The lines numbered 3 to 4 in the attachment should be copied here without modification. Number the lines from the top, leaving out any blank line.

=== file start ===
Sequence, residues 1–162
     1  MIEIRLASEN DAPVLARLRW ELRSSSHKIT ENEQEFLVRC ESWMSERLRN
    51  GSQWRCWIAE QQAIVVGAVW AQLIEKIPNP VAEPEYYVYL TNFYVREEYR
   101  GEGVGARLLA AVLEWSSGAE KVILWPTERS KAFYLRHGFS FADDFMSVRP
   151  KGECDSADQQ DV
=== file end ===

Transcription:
    51  GSQWRCWIAE QQAIVVGAVW AQLIEKIPNP VAEPEYYVYL TNFYVREEYR
   101  GEGVGARLLA AVLEWSSGAE KVILWPTERS KAFYLRHGFS FADDFMSVRP